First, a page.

The normally closed respiratory system can be considered as “open” due to the tracheostomy tube, allowing air to escape from the tube. Airflow is redirected and bypasses the upper airway, which normally warms and filters the air. The air is typically drier and cooler when moving through a tracheostomy tube, which can lead to secretion retention. The lack of airflow through the upper airway also results in reduced sensation in that area. If the individual does not feel the secretions in the airway, secretions build up and stagnate. A general reduction in swallowing of secretions leads to muscle disuse which furthers escalates the cycle of impaired secretion management. The tracheostomy tube is also a foreign object, and the body responds by producing more secretions.
The cough reflex is also impaired due to the open tracheostomy tube and lack of airflow through the upper airway. The cough reflex is vital in mobilizing secretions and removal of foreign material from the airway as a protective mechanism. Subglottic pressure has been measured as 0cmH20 in individuals with an open tracheostomy (Gross, R). Subglottic pressure is required to produce an effective cough. Furthermore, individuals with tracheostomy may also have retained secretions and poor coughing due to muscle weakness and general immobility. Finally, patients may be on fluid restrictions which can further thicken secretions. All of these can contribute to the need to provide assistance in secretion management for individuals with tracheostomy.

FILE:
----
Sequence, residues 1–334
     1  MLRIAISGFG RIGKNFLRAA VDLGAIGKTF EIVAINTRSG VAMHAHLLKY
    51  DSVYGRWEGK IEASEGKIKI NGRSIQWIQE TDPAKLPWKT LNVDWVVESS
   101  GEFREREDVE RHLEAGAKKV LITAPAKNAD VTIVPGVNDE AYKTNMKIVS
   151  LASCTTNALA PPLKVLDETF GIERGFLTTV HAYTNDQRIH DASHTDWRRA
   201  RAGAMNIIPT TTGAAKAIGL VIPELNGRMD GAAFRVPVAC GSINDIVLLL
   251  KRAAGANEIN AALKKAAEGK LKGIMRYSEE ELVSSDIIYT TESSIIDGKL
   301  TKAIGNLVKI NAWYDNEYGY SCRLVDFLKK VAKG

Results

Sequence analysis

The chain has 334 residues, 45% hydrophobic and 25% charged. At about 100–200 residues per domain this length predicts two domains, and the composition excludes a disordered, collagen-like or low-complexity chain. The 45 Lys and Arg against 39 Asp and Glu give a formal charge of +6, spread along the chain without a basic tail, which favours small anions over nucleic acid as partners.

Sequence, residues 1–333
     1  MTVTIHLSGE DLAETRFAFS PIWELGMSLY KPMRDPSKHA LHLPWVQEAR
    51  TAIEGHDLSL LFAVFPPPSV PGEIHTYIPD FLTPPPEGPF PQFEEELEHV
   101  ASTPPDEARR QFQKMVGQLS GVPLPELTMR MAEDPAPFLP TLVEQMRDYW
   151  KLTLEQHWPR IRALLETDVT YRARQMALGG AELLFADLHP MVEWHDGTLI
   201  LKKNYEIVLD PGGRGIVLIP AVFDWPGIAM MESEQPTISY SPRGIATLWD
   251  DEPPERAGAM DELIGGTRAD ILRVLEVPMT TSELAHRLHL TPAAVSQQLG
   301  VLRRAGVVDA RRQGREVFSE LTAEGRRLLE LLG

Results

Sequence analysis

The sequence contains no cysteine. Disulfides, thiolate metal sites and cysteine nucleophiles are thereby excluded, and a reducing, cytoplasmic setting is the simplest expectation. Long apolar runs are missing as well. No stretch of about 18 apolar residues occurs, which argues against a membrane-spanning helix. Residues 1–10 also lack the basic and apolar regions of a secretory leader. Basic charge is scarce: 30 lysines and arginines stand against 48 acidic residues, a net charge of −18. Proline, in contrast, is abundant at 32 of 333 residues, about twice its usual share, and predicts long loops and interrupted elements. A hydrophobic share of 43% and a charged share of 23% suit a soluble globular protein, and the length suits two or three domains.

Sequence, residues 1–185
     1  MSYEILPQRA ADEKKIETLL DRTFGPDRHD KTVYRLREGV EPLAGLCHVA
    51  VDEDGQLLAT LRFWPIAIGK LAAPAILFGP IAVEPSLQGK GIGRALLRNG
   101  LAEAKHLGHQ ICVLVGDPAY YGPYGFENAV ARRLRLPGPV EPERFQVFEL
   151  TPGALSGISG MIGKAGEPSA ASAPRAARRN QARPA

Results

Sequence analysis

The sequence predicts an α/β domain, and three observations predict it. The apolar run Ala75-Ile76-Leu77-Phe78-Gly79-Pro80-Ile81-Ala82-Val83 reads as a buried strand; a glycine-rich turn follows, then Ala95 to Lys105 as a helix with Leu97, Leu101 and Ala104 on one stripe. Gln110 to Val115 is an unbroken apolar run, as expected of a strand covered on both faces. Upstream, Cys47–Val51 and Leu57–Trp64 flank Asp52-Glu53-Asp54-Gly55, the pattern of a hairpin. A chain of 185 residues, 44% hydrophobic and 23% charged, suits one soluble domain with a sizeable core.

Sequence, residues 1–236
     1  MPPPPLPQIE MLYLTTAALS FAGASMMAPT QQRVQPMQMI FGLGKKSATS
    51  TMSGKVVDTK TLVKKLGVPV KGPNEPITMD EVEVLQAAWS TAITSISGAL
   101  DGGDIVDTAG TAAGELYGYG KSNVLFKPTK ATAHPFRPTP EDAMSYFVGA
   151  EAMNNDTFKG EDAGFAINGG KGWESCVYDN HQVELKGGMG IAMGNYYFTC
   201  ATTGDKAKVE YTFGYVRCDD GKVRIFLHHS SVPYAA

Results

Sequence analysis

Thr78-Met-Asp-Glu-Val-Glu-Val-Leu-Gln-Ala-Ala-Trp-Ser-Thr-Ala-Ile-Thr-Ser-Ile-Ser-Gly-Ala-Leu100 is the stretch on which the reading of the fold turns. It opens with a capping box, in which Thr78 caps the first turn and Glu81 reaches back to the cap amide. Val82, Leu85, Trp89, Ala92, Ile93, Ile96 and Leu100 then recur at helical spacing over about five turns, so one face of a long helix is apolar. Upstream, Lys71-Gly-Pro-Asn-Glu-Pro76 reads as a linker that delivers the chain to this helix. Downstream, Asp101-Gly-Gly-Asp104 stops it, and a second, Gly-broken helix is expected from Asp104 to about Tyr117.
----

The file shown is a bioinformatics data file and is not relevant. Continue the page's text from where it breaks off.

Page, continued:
The mobilization of secretions is important in caring for individuals with tracheostomy. Mobilizing secretions requires secretion removal, humidification, hydration, and physical mobilization of the individual. Secretion removal is accomplished mainly by suctioning, either through an open or closed-circuit technique. Humidification is a standard of care for patients with tracheostomy to help thin secretions and reduce the likelihood of mucous plugs. Suctioning and humidification are vital in proper care, but are ways to deal with the symptoms that occur from the effects of the tracheostomy, instead of treating the root cause of secretion issues.
Since the main cause of secretion management issues is the lack of airflow and open tracheostomy system, the solution to fighting the cycle of secretions is to provide airflow to the upper airway by deflating the cuff and providing a closed respiratory system. A closed system is achieved by occlusion of the tracheostomy by digital occlusion, a bias-closed position speaking valve (Passy-Muir Valve) or with capping. Cuff deflation and Passy-Muir and capping trials must be assessed on a patient by patient basis as not all individuals can tolerate. Cough techniques and expiratory muscle strength training can then take place in order to rehabilitate weakened muscles.
Occlusion of the tracheostomy tube allows for increased airflow and re-establishes a closed system to produce a functional cough and improve secretion management. Learn more the digital occlusion, the Passy-Muir Valve and capping for secretion management.